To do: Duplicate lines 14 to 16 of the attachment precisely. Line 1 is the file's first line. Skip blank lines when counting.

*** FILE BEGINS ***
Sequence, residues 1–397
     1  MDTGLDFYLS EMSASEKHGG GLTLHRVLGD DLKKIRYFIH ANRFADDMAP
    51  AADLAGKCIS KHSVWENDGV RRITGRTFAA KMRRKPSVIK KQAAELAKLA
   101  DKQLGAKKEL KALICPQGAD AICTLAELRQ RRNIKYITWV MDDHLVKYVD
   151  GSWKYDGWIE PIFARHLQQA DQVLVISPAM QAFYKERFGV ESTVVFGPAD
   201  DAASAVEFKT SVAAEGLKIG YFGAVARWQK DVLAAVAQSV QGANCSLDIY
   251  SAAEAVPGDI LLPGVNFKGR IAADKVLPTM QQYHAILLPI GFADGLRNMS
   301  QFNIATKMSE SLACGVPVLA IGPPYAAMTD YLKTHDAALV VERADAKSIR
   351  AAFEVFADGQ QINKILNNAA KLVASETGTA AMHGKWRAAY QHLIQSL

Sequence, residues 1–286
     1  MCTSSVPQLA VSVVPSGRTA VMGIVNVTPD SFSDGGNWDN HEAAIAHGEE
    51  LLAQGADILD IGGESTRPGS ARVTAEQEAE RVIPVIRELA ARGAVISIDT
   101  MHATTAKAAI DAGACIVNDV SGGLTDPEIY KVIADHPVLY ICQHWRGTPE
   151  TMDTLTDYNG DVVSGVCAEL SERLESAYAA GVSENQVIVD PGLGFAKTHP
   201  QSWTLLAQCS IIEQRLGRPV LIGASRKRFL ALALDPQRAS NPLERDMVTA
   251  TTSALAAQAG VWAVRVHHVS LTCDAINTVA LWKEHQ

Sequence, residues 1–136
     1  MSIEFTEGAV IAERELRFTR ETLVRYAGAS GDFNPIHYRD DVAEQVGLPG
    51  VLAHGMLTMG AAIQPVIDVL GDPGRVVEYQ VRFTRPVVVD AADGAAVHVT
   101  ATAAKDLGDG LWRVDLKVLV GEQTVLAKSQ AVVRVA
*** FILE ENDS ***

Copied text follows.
   151  TMDTLTDYNG DVVSGVCAEL SERLESAYAA GVSENQVIVD PGLGFAKTHP
   201  QSWTLLAQCS IIEQRLGRPV LIGASRKRFL ALALDPQRAS NPLERDMVTA
   251  TTSALAAQAG VWAVRVHHVS LTCDAINTVA LWKEHQ